Something happened to one of my close friends last week, though she didn’t tell me what exactly because she said she couldn’t.
She talked about how we all have these great experiences under our belts, but at the same time, there are all these bad ones “that weigh us down, that raise the bar for happiness,” she said. She said that there are always more expectations for happiness, and yet there is always more opposition, which makes it seem like happiness is so hard to get to.
She’s got a point, one that’s been on my mind lately, although I don’t really know why.* The older we get, the more crap we have to deal with, go through, it seems like. “The innocence of childhood,” which my dear friend referred to as gone, which my dear friend has been so much a part of in such a lively way, seems to fall through our fingers, the older we get. Or at least it seems to.
I wanted to tell her this: I Know Why the Caged Bird Sings, partly because I wanted to make her laugh–we both hated reading that book in high school (even though we both read it in different high schools, states away, before we knew each other**), and partly because we both read that book and didn’t really get it. Until maybe now.
I remember reading Maya Angelou’s autobiography in high school and thinking, GROSS, this young black girl lives in this sucky racist society, gets abandoned by her parents, then ends up getting raped by her mom’s boyfriend? WHAT THE HECK?? Even now, I can’t help but think, How does that happen? Because it does.
But how come?
I remember having to write a paper on it: I Know Why the Caged Bird Sings, and yet I couldn’t figure out what Maya Angelou knew. She never really told us in the book and the ending seemed pretty depressing. The whole time I kept thinking, I don’t know why the caged bird sings and I don’t know why this book was called that.
I still don’t, really. Other than I have a book of quotes and poems on love by Maya Angelou and all the quotes are, of course, about love—but about how healing and transforming love is. I think that means a lot, especially from someone who had experienced so much horror from those who were supposed to love her the most. From those who were supposed to teach her all about love and how good it is.
But they didn’t. They lied to her, and stole from her, and beat her body and heart down until her hope almost broke.
But somehow she figured out love and healing and forgiveness anyway. I can’t help but think, how does that happen?
“Ezekiel,” meaning God will strengthen. Meaning, the name of that one prophet who had to tell everyone in Jerusalem why God was going to destroy it. The name of that one prophet who was kicked out of Jerusalem and exiled to Babylon for the rest of his life. (I wonder if he had family or friends who were left behind.) The name of that one prophet who saw so much death and sorrow and destruction and yet, in the midst of it all, told all who would listen (I can only imagine how much he wanted them to listen) about all this beautiful stuff that was going to come someday if they could just wait for it. All this gathering together, reuniting, healing, blessing. It was going to come because God would strengthen.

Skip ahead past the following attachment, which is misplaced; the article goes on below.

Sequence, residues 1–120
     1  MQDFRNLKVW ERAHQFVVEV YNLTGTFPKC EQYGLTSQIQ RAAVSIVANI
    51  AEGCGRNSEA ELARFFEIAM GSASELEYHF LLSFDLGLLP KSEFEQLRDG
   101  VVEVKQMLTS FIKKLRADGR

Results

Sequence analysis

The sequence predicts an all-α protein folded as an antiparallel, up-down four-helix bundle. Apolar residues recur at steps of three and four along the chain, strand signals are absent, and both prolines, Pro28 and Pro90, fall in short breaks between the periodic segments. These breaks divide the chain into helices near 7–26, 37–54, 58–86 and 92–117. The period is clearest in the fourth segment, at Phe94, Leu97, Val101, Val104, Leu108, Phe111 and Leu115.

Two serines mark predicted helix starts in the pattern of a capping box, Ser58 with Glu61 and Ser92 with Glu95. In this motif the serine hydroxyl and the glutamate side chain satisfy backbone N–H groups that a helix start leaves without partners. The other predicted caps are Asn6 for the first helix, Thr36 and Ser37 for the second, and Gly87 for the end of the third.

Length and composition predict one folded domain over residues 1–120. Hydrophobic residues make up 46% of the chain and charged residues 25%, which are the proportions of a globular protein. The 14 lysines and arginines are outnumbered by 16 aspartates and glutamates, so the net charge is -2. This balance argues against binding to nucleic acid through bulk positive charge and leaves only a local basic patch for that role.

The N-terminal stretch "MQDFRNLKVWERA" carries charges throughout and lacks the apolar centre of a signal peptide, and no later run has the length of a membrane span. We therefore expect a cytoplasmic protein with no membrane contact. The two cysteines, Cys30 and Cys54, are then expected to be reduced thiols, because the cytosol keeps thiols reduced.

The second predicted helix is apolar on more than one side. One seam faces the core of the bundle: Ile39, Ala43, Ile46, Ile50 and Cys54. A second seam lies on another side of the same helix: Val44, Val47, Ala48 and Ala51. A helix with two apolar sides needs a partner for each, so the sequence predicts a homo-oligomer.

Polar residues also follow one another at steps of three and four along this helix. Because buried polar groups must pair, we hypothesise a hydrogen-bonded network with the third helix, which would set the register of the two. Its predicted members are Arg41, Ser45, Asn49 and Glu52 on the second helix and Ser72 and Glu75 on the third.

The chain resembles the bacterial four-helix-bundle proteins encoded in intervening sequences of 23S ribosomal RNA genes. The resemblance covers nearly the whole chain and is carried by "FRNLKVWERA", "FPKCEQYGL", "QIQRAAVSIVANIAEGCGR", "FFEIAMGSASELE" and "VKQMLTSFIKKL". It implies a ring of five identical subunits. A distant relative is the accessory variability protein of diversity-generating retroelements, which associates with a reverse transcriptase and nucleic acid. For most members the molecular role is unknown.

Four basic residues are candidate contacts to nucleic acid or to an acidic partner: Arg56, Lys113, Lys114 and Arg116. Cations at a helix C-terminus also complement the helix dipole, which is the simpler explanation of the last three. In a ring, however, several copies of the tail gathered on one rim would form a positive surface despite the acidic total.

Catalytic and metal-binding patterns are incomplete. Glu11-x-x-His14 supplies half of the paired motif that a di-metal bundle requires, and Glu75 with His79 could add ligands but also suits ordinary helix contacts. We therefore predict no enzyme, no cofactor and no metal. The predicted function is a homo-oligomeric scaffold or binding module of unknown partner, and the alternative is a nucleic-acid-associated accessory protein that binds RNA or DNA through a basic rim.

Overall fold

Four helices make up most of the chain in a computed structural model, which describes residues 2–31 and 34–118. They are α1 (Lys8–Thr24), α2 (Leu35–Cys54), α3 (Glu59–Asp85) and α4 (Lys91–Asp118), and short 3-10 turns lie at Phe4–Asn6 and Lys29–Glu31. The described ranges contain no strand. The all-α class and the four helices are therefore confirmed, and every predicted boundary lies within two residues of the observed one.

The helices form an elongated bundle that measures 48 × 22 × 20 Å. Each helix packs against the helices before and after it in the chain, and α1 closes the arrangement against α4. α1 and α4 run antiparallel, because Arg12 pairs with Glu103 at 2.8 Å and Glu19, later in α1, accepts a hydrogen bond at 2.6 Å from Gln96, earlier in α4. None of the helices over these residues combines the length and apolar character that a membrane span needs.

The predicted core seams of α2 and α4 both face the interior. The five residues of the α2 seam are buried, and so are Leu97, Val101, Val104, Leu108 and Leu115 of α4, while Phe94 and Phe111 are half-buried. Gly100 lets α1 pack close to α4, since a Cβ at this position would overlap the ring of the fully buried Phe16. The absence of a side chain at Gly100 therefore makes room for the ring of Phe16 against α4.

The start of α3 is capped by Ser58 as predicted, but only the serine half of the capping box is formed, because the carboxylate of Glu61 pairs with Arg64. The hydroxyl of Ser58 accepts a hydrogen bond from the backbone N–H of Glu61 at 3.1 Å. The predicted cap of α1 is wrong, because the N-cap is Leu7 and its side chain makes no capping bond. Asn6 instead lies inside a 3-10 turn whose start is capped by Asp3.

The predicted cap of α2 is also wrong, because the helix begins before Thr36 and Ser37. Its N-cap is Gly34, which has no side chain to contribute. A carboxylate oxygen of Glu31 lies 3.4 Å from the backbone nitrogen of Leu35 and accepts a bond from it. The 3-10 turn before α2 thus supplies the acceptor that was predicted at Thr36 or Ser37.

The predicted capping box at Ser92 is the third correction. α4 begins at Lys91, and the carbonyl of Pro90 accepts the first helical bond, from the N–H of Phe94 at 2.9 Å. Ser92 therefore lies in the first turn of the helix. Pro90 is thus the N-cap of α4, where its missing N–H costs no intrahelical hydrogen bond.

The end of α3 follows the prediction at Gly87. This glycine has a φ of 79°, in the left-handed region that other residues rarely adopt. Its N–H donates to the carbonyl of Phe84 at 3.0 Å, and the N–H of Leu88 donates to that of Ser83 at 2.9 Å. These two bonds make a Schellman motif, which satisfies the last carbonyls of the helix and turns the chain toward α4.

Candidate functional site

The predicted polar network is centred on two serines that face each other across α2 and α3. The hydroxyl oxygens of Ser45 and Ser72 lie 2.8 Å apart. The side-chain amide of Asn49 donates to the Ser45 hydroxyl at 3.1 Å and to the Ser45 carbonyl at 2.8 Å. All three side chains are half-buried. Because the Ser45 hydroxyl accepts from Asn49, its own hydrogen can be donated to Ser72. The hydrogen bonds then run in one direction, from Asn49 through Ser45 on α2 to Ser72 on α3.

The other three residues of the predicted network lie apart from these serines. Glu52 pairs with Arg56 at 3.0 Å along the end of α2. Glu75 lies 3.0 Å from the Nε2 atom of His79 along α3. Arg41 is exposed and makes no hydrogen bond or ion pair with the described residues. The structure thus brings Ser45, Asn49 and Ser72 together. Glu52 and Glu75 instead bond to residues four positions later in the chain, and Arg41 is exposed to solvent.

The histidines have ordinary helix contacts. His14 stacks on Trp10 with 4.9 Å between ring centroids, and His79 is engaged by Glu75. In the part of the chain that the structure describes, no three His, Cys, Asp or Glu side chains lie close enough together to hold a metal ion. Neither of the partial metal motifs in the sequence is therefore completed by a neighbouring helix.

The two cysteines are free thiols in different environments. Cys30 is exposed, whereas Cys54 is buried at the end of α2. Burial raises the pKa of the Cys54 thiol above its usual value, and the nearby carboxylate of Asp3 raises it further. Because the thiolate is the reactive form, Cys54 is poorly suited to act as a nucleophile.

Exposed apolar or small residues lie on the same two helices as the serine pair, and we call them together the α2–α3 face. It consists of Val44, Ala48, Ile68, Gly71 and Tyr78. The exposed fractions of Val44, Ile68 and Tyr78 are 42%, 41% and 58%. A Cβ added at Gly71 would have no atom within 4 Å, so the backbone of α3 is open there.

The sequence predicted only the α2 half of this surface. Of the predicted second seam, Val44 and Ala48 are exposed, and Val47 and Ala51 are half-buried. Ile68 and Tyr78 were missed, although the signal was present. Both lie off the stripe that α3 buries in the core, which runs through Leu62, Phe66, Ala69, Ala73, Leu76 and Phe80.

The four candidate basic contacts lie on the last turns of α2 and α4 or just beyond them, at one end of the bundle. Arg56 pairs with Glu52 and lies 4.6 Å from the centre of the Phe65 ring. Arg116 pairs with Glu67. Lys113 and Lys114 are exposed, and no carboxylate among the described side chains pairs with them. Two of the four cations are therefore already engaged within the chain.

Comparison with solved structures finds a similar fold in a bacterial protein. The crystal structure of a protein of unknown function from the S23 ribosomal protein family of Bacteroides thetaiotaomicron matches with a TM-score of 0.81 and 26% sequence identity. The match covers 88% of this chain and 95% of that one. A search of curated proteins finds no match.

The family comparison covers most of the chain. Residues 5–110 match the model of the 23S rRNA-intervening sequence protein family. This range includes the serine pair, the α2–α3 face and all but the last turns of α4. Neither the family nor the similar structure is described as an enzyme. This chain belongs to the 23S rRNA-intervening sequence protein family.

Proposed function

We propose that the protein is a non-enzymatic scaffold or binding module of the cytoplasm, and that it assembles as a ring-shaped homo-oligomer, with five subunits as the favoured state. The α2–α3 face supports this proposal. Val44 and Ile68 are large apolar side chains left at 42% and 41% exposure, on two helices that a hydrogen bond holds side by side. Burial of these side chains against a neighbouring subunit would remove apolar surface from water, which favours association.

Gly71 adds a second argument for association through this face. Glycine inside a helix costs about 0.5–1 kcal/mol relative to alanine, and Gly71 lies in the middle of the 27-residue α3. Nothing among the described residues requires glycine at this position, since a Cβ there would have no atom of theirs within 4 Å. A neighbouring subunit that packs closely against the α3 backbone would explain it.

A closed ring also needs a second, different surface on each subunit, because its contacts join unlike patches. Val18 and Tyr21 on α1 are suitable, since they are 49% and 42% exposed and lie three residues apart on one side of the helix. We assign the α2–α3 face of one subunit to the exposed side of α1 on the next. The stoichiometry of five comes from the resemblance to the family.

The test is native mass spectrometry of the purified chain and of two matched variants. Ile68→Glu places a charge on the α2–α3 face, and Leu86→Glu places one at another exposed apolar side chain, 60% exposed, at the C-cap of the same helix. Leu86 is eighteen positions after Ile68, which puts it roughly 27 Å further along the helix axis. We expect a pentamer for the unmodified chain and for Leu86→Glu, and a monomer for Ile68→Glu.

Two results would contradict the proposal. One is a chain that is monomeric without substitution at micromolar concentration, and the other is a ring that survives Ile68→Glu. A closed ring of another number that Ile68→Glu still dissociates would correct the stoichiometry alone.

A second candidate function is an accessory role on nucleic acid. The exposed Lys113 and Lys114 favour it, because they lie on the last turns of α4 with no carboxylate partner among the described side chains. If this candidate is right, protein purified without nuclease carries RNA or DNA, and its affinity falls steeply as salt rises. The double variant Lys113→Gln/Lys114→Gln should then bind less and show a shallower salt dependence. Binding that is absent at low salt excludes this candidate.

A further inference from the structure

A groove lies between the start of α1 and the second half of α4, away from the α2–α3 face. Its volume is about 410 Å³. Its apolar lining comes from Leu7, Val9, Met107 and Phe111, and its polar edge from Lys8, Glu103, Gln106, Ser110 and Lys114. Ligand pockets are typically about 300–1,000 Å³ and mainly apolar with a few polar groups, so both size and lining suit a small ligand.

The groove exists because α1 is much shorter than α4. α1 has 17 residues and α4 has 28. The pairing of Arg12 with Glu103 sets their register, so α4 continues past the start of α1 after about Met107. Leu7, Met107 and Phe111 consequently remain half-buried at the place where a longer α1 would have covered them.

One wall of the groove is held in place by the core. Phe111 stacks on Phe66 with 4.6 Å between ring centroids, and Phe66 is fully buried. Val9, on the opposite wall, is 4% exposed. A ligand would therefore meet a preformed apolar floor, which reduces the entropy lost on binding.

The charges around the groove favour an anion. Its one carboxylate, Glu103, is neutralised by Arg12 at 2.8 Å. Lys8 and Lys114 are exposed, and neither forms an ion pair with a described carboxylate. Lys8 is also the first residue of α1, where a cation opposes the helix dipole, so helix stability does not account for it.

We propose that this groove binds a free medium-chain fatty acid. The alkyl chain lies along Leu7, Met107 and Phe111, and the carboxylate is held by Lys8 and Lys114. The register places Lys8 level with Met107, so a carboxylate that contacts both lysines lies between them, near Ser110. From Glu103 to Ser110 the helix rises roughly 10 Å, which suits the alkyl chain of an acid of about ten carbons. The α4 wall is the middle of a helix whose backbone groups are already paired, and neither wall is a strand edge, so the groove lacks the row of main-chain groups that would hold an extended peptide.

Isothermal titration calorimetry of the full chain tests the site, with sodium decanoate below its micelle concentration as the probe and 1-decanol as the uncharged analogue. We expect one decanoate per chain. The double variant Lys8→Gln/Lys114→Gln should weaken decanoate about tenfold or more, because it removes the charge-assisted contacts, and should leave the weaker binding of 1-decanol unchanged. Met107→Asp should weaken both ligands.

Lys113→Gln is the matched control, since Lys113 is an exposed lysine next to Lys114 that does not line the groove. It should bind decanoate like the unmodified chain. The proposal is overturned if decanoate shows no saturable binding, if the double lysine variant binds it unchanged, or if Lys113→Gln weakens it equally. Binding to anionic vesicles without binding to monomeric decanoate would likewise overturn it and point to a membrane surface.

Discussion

“A new heart also will I give you, and a new spirit will I put within you: and I will take away the stony heart out of your flesh, and I will give you an heart of flesh.”***
That’s what God said to Ezekiel. That’s what God told Ezekiel to tell the people who were driven out from their homes, away from their land, and freedoms (either because they didn’t listen, or because their neighbors didn’t–the injustice!).
That’s what God said and wanted them to hear and to look forward to: healing from the inside out.
I don’t know if there is any real logic in trying to understand tragedy or what seems to be the injustice of it all. I mean, how come someone like Maya Angelou was betrayed by her own mother, when someone like me was raised by a mother who has, in many ways, given her whole life for me? How come someone like my brother is hit by a boat and saved, when someone else is hit by a boat and killed? And how come some people aren’t ever hit by boats at all, but they lose a best friend, or get their heart broken, or feel like they’re just not cut out for this world, like they just don’t have what it takes to gut through it?
I don’t know. But I don’t believe in a God who hurts us, although I think sometimes He lets us hurt so we can learn how to grow new, brighter hearts. After we hurt ourselves or each other, I believe in a God who can heal us, whether or not we know His name****, whether or not we know His hand. I believe in a God who can teach us how to make our hearts of stone into hearts as soft as flesh. I believe in a God who can teach us to want hearts of flesh–hearts that are open and listening and forgiving, ready to learn and love and receive His love again.
*Perhaps further proof that we are forever friends.
**Perhaps further proof that we are forever friends.
****”I always knew there was a God, I just didn’t know His name.”- Helen Keller